v. Piles shall not be treated with pentachlorophenol, creosote, CCA or comparably toxic compounds. If ammoniacal copper zinc arsenate (ACZA) pilings are proposed, the applicant shall meet all of the best management practices, including a post-treatment procedure, as outlined in the amended Best Management Practices of the Western Wood Preservers. All piling sizes are in nominal diameter;

vi. Any paint, stain or preservative applied to components of the overwater structure must be leach resistant, completely dried or cured prior to installation. Materials shall not be treated with pentochlorophenol, creosote, CCA or comparably toxic compounds;

vii. The applicant shall abide by the work windows for listed species established by the U.S. Army Corps of Engineers and Washington Fish and Wildlife;

viii. Disturbance of bank vegetation shall be limited to the minimum amount necessary to accomplish the project. Disturbed bank vegetation shall be replaced with native, locally adapted herbaceous and/or woody vegetation. Herbaceous plantings shall occur within 48 hours of the completion of construction. Woody vegetation components shall be planted in the fall or early winter, whichever occurs first. The applicant shall take appropriate measures to ensure revegetation success;

ix. Structural Repair. The structural repair, which may include replacement of framing elements, of moorage facilities that results in the repair of more than 50 percent of the structure’s framing elements within a five-year period shall comply with subsections (F)(2)(ix)(a) through (F)(2)(ix)(c) of this section. For this section, framing elements include, but are not limited to, stringers, piles, pile caps, and attachment brackets, as shown in Figure D:

a. One hundred percent of the decking area of the pier, dock, and any platform lifts must be fully grated with materials that allow a minimum of 40 percent light transmittance;

b. The height above the OHWM for moorage facilities, except floats, shall be a minimum of one and one-half feet and a maximum of five feet; and

c. An existing moorage facility that is five feet wide or more within 30 feet waterward from the OHWM shall be replaced or repaired with a moorage facility that complies with the width of moorage facilities standards specified in Table D of this section;

Figure D: Example of Overwater Structure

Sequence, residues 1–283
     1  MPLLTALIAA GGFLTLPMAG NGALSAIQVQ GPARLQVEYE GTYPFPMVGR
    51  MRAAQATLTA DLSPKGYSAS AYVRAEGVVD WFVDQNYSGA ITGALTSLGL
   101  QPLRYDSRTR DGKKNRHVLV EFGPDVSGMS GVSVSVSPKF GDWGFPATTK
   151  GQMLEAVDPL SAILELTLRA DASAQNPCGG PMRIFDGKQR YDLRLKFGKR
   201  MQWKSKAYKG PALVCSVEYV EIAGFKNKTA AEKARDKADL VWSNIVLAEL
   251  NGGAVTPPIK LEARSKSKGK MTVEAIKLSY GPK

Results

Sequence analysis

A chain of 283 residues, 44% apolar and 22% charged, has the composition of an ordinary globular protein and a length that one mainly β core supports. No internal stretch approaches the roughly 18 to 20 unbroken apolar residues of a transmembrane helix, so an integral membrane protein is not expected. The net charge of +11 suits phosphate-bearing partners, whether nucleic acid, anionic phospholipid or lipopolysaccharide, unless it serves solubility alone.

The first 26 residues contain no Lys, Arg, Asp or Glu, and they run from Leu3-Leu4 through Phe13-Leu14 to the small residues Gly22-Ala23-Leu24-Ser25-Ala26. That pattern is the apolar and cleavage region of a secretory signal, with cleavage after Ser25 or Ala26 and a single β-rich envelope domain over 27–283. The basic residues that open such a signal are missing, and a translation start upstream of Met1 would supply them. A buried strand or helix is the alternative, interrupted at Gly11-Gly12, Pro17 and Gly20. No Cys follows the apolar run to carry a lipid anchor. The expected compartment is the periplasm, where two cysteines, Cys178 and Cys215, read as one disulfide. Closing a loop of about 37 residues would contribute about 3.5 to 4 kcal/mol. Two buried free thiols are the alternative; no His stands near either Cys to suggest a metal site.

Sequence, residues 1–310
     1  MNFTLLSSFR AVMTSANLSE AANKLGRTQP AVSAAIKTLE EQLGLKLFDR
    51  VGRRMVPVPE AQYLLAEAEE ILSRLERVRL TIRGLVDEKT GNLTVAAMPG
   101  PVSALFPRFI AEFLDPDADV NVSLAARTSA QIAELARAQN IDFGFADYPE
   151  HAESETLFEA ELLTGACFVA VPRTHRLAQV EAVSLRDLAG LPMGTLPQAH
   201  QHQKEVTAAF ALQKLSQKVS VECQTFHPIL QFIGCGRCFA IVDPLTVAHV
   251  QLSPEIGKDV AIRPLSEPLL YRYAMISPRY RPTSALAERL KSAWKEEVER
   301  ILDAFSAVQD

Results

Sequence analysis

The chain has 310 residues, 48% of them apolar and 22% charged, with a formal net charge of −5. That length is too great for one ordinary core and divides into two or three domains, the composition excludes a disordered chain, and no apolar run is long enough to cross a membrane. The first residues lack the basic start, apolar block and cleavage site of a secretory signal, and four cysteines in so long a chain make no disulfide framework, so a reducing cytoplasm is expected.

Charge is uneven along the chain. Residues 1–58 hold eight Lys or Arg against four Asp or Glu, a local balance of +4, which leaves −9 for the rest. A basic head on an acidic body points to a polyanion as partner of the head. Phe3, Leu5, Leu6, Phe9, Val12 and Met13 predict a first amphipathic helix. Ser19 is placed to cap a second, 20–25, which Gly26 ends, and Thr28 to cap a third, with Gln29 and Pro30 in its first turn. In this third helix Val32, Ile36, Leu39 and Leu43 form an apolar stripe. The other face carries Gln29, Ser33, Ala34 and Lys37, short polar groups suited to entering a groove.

x. Exterior Surface Repair. The exterior surface repair, which may include the replacement of exterior surface materials of moorage facilities that results in the repair of more than 50 percent of the surface area of the moorage facility’s decking, fascia, and platform lifts within a five-year period (see Figure D), shall be required to utilize materials that allow a minimum of 40 percent light transmittance over 100 percent of the dock; and

xi. Any decking that is removed in the course of repair shall be replaced with decking materials that allow a minimum of 40 percent light transmittance.

3. Alternative Development Standards. The code official shall approve moorage facilities not in compliance with the development standards in subsection (F)(1) or (F)(2) of this section subject to both U.S. Army Corps of Engineers and Washington Department of Fish and Wildlife approval to an alternate project design. The following requirements and all other applicable provisions in this chapter shall be met:

i. The dock must be no larger than authorized through state and federal approval;

ii. The maximum width must comply with the width of moorage facilities standards specified in standards specified in subsection D of this section (Table D);

iii. The minimum water depth must be no shallower than authorized through state and federal approval;

iv. The applicant must demonstrate to the code official’s satisfaction that the proposed project will not create a net loss in ecological function of the shorelands; and

v. The applicant must provide the city with documentation of approval of the moorage facilities by both the U.S. Army Corps of Engineers and the Washington Department of Fish and Wildlife.

G. Breakwaters, jetties, groins, and weirs. Breakwaters, jetties, groins, weirs, and similar structures are prohibited, except for those structures installed to protect or restore ecological functions, such as woody debris installed in streams. Breakwaters, jetties, groins, and weirs shall be designed to protect critical areas and shall provide for mitigation according to the sequence defined in WAC 173-26-201(2)(e).

H. Public Access Piers, Docks, or Boardwalk. New public access piers, docks, or boardwalks on public lands shall comply with the following:

1. Public access piers, docks, or boardwalks shall be designed and constructed using WDFW-approved methods and materials;

2. With the exception of the requirements for moorage facilities related to width and length, public access piers, docks, or boardwalks shall comply with design standards required for moorage facilities listed in Table D, Requirements for Moorage Facilities and Development Located Waterward from OHWM;

3. There is no dock length or area limit for public access piers, docks, or boardwalks; however, public access piers, docks, and boardwalks shall not interfere with navigation and shall be the minimum size necessary to meet the needs of the proposed water-dependent use;

4. Public access piers, docks, or boardwalks may have a width of up to six feet subject to Army Corps of Engineers and/or Washington Department of Fish and Wildlife approval;

5. Public access piers, docks, or boardwalks must be fully grated with materials that allow a minimum of 40 percent light transmittance;